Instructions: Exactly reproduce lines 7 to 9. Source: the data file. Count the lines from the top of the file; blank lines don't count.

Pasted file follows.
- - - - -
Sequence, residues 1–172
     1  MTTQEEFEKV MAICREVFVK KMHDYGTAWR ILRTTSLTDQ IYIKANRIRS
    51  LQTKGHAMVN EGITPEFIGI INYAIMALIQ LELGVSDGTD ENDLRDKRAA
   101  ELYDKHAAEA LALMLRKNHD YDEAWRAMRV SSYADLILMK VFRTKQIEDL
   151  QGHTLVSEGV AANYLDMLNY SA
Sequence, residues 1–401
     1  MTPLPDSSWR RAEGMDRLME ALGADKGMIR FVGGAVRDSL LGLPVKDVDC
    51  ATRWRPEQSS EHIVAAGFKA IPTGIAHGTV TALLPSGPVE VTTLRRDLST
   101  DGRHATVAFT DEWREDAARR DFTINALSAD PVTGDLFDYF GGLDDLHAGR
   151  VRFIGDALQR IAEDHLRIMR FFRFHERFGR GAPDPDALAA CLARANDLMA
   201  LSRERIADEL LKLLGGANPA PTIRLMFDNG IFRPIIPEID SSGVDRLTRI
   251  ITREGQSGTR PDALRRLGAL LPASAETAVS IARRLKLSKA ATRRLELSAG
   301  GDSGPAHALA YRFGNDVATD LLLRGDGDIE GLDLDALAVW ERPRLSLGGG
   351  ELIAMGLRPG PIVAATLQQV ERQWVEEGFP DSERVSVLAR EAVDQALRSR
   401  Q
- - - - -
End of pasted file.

     1  MTPLPDSSWR RAEGMDRLME ALGADKGMIR FVGGAVRDSL LGLPVKDVDC
    51  ATRWRPEQSS EHIVAAGFKA IPTGIAHGTV TALLPSGPVE VTTLRRDLST
   101  DGRHATVAFT DEWREDAARR DFTINALSAD PVTGDLFDYF GGLDDLHAGR